The Leader of the Opposition is quite right when he says that speeches should not be read in the house. If there was some leniency shown it was on the throne speech debate, and I am quite prepared to show some leniency again when the budget debate comes up. But as a rule speeches should not be read in the house because members are supposed to express their own opinion and not read from long

Privilege-Mr. Weaver previously prepared essays. With that 1 am in full agreement, but at the moment that is not the point.

Here is the point to be considered at the moment. This is a statement re the assistance given by the mines branch in developing treatments of Flin Flon complex sulphide ore and Flin Flon disseminated ore. The hon. member for Churchill (Mr. Weaver) made a speech the other day. As hon. members know, he is by profession a metallurgist. He discussed the very matters that are mentioned in this statement which was prepared by the Department of Mines and Technical Surveys. On the following day, or perhaps the same day, the hon. member for Mackenzie (Mr. Nicholson) made reference to this statement and quoted from it. The hon. member for Churchill rises in his place today and says that in fairness to the house and to himself the statement, which he considers was referred to inadequately by the hon. member for Mackenzie, should be placed on Hansard. That is the point, and I think it is quite different from that which the Leader of the Opposition (Mr. Drew) has made. This statement cannot be put on Hansard unless there is unanimous consent.

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Subtopic:   MR. WEAVER STATEMENT WITH RESPECT TO DISSEMINATED ORE
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CCF

Major James William Coldwell

Co-operative Commonwealth Federation (C.C.F.)

Mr. Coldwell:

There is not.

Topic:   PRIVILEGE
Subtopic:   MR. WEAVER STATEMENT WITH RESPECT TO DISSEMINATED ORE
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LIB

Louis-René Beaudoin (Speaker of the House of Commons)

Liberal

Mr. Speaker:

Is there unanimous consent?

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Subtopic:   MR. WEAVER STATEMENT WITH RESPECT TO DISSEMINATED ORE
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CCF

Major James William Coldwell

Co-operative Commonwealth Federation (C.C.F.)

Mr. M. J. Coldwell (Roselown-Biggar):

Mr. Speaker, I do not think unanimous consent should be given to this. As a matter of fact the hon. member for Lethbridge (Mr. Black-more) and I had a dispute with reference to some quotation the other evening. Am I permitted, in order to substantiate a statement I may make, to put a file or a book on the record of the house? I think we should stick to our time-honoured practice of not extending the record. While I sympathize with the idea behind this, I think probably the hon. gentleman could do it in a speech on mines and resources or something of that sort. I would not be prepared to give my consent to it, on the ground that I would be giving it without knowing what was in the document.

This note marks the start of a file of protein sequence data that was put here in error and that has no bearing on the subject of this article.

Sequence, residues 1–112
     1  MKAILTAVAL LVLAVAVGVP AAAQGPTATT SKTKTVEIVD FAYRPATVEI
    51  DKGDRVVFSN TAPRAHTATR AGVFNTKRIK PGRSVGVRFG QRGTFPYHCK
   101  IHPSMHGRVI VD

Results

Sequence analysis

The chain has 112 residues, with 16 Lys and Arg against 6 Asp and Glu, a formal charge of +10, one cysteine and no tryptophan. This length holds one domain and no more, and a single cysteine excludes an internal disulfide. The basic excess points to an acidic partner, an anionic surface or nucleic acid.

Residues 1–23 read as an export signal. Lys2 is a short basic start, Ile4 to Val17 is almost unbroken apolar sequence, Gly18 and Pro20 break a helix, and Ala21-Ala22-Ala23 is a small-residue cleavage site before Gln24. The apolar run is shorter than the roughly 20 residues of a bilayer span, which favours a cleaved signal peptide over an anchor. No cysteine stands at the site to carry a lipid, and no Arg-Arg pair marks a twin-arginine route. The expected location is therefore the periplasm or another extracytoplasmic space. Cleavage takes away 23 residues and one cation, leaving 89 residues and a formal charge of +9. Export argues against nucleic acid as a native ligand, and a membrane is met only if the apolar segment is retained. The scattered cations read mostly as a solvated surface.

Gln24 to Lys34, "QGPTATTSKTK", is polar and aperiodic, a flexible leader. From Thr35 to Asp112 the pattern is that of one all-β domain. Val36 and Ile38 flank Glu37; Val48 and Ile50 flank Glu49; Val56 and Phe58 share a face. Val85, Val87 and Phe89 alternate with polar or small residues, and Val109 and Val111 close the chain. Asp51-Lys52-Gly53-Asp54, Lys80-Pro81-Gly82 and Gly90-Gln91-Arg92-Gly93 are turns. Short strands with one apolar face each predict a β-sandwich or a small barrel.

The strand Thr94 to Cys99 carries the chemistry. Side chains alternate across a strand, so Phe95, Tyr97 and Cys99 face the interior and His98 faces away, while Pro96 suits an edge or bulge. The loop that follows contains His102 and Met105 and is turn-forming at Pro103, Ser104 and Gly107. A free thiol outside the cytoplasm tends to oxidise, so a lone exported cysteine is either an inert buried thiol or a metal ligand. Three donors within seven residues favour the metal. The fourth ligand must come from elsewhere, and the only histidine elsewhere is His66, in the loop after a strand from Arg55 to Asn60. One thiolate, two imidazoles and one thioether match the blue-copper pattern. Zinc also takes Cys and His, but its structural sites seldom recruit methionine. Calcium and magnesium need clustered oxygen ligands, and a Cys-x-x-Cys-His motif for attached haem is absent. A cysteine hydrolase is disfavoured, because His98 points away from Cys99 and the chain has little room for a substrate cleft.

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PC

Agar Rodney Adamson

Progressive Conservative

Mr. Rodney Adamson (York West):

Mr. Speaker, I believe that the hon. gentleman should be allowed to continue with the statement. One of the engineers of the Department of Mines and Technical Surveys prepared a report, of which only part was read to this house. In my opinion that gave a false impression as to the context of the entire report. The hon. member for Churchill (Mr. Weaver), who is a metallurgist, felt that his judgment and his statement had

been called in question, not by the report but by the excerpt of the report given to this house. I think in fairness to both gentlemen, the gentleman who wrote the report and the hon. member for Churchill, the report in its entirety should be on the record of this house.

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LIB

Louis-René Beaudoin (Speaker of the House of Commons)

Liberal

Mr. Speaker:

I still must ask the house if it gives unanimous consent to have this statement printed on Hansard. Is it agreed?

Topic:   PRIVILEGE
Subtopic:   MR. WEAVER STATEMENT WITH RESPECT TO DISSEMINATED ORE
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?

Some hon. Members:

No.

Topic:   PRIVILEGE
Subtopic:   MR. WEAVER STATEMENT WITH RESPECT TO DISSEMINATED ORE
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?

Some hon. Members:

Yes.

Topic:   PRIVILEGE
Subtopic:   MR. WEAVER STATEMENT WITH RESPECT TO DISSEMINATED ORE
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LIB

Louis-René Beaudoin (Speaker of the House of Commons)

Liberal

Mr. Speaker:

Some hon. members say "no". Therefore it cannot be put on Hansard.

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Subtopic:   MR. WEAVER STATEMENT WITH RESPECT TO DISSEMINATED ORE
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LIB

George James McIlraith

Liberal

Mr. Mcllraiih:

On a point of order, now that there is no-

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Subtopic:   MR. WEAVER STATEMENT WITH RESPECT TO DISSEMINATED ORE
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December 11, 1953